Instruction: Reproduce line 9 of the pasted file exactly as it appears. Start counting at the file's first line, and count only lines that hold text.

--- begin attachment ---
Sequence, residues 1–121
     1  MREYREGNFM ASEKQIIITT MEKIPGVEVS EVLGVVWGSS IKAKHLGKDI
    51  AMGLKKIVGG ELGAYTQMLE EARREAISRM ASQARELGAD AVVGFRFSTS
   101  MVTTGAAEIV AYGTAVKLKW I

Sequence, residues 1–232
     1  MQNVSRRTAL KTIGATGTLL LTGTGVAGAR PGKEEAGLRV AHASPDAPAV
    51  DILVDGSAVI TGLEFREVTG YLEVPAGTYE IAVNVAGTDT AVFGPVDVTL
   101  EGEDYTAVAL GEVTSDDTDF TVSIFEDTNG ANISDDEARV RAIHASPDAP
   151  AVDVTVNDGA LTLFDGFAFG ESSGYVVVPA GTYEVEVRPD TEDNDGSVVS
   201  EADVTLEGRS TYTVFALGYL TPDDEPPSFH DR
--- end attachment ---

   151  AVDVTVNDGA LTLFDGFAFG ESSGYVVVPA GTYEVEVRPD TEDNDGSVVS